“What stands out…our hospitality and warmth, our ability to speak English and the natural beauty of the Philippines.”
–Jose C. ‘Jojo’ Clemente III, Raja Tours Philippines Inc., President, Tourism Congress of the Philippines
The Philippines Tourism Industry is booming! Largely due to the beautiful beaches, leisure lifestyle, the warm hospitality of Filipinos and a real marketing push from the Department of Tourism. In 2018, the top 3 international tourism markets to the Philippines; Korea, China and the United States, along with nearby Japan and Australia combined, topped a mind-boggling 4.7 million guests. More than half of the total 7.1 million International tourists.
According to a report from the National Statistical Coordination Board (NSCB), which estimated the spending habits and levels of international guests, as well as domestic tourists, these 4.7 million international tourists collectively spent an estimated $400 to $560 million –per day!
Note: with the highly-successful “More fun in the Philippines!” tourism campaign re-launched, improved and expanded travel routes within the country and an increased sense of tourist confidence due to the extensive work by the Department of Tourism to promote the country and implement accreditation as mandatory across the Hospitality sector, the tourism spending at-large is expected to have increased in the recent census.
Also worth noting, around 60-75% of the daily international tourism money is spent in the hospitality industry throughout the country: around 25% on food, 25% accommodations, another 25% on shopping with the last 25% spread between transportation, tips, gifting and miscellaneous cash expenses, such as street food, grooming, goods and leisure activities.
In addition, local Filipino tourism and Balikbayans/OFW’s account for nearly the same amount of tourism spending. However, they are more-likely to save on lodging by staying with family and friends. Boosting grocery sales, local, historical and provincial destinations, automobiles, gasoline and of course long-term family financial support; such as tuitions, medical, small businesses and real estate/land ownership investments.
We wanted to get insights on the future of Philippines Tourism. We had one big question in mind, “What are the Philippines plans for Tourism and Hospitality in the next 5 years?”
Jojo Clemente is the President of Rajah Tours Philippines, a company launched by Jojo’s mother, and three other people, back in 1972, which initially specialized in the Hong Kong market.
A Tourism Congress Philippines (TCP) Member, Jojo was elected as its President in January 2018. The TCP is the private sector consultative body of the national government for the formulation of tourism policy, as per The Republic Act 9593.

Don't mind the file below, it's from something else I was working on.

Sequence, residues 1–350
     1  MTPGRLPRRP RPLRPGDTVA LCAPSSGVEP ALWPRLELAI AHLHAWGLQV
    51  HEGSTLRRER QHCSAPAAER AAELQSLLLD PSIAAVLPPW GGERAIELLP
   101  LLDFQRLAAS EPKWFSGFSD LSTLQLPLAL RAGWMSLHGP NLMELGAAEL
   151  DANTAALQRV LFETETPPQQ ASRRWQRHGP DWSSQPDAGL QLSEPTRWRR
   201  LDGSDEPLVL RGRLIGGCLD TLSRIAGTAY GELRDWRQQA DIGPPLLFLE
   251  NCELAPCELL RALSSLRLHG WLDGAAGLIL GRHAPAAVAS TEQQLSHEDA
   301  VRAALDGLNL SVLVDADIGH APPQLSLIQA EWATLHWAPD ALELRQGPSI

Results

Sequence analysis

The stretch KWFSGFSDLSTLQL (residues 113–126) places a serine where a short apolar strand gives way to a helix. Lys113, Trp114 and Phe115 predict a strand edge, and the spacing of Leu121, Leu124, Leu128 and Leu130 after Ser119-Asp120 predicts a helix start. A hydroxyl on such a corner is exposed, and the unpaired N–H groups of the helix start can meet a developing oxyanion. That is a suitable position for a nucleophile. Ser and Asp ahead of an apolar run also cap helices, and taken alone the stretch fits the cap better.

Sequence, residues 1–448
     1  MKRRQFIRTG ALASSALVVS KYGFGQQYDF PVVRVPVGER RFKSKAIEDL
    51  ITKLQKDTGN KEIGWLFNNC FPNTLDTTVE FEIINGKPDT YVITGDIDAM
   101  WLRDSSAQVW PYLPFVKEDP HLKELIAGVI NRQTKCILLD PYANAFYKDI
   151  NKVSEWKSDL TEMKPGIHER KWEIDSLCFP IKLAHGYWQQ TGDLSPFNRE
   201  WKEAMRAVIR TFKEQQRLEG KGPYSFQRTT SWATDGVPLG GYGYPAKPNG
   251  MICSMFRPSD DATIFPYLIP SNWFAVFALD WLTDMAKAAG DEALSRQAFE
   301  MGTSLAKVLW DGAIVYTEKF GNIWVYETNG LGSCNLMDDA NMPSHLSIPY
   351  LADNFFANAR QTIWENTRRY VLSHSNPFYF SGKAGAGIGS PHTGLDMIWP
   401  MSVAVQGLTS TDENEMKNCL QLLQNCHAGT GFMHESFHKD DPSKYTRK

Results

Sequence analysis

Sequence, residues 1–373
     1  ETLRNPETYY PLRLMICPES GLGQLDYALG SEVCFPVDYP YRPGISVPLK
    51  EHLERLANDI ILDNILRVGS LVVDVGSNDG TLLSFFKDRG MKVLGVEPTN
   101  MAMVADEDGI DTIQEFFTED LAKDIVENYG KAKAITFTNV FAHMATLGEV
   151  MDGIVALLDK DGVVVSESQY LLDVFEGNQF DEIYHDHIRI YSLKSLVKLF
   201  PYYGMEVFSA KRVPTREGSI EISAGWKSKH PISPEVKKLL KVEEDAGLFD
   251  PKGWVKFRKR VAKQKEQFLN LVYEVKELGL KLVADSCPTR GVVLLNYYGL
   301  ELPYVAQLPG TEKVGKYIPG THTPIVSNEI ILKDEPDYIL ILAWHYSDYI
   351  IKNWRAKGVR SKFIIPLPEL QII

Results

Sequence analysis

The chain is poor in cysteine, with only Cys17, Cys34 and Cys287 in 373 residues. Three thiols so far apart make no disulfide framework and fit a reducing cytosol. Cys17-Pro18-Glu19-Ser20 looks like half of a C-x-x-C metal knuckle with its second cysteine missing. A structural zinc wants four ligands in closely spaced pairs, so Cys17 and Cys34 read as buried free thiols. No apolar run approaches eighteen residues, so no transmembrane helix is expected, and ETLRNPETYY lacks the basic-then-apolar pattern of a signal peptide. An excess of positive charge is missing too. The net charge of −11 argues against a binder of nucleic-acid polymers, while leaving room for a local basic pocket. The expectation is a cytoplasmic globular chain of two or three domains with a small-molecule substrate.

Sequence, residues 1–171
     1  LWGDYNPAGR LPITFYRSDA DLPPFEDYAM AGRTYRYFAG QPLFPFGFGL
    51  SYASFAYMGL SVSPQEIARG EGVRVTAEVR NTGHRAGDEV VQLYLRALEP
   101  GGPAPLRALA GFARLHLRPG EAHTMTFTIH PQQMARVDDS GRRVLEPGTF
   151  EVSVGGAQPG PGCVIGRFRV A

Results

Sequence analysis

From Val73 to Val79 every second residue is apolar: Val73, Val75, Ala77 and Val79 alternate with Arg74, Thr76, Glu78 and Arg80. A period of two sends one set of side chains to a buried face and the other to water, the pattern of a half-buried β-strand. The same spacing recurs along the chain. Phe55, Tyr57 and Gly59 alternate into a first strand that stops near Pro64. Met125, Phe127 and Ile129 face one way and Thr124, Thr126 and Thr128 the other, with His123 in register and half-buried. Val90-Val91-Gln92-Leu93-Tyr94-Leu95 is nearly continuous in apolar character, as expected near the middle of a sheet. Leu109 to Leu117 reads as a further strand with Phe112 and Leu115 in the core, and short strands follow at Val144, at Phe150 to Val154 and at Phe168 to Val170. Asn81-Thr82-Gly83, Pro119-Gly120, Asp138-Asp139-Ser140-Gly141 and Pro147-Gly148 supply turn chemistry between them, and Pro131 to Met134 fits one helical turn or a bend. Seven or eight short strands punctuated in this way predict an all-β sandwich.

We spoke with Jojo about the role of the TCP and the emerging plans for Tourism in the Philippines.
What is the role of the Tourism Congress of the Philippines?
In a nutshell, the role of the Tourism Congress of the Philippines is to act as the tourism Stakeholder Consultative Body, to the National Government, with regard to the formulation of tourism policy. The TCP was created by the Tourism Act, or R.A. 9593.
What are the backgrounds of the members of TCP?
The 120 members are representatives of establishments or businesses which are Department Of Tourism accredited. The Board of Trustees is composed of representatives from the different tourism sectors such as accommodation, transportation, tourism estates and tour operators from Luzon, Visayas and Mindanao.
How did you become a member of the TCP?
Rajah Tours is a member of the TCP and I was elected as its President last January 2018.
What do you think are the biggest changes in tourism in the Philippines over the last 10 years?
There have been so many changes and trends in the past 10 years, that you can take your pick. For me, one of the biggest game changers has been how easy it is now to get around the country, than it was before. The limited routes in the past made the Philippines a hard destination to sell as people had to backtrack to Manila to get to the other parts of the country. However, with the entry of new aviation players, travelling around the country has now become easier and has opened up new possibilities on how we can package tours around the country.
Another big change is the perception of the Philippines as a whole. When I first started, there was always this concern that the Philippines was a very dangerous country for tourists. Through the years, we have been able to pretty much erase this stigma by coming up with a clever tagline, and we have presented ourselves as a viable destination. Now we have new markets, which previously wouldn’t touch us with a ten-foot pole, lining up to come to the Philippines.
What are the drives for the TCP in the next 5 years?
One of the things we have been really focusing on is for the stakeholders to have more of a say in what government does as far as tourism is concerned. Whereas in the past, government just imposed policies and regulations without consultation, we are now being involved somewhat in the decision-making process. Granted there is still much left to be desired but it’s a good starting point. We are also aiming for more participation in the Department Of Tourism’s formulation of programs, and to have a collaborative relationship.
Another priority is to further enhance the skills of the tourism industry workers. Education is a never-ending process and it is our aim to introduce programs for our industry workers to learn best practice from successful destinations and organizations.
What destinations do you think are ‘up and coming’ or will feature more in the TCP and Department of Tourism’s marketing?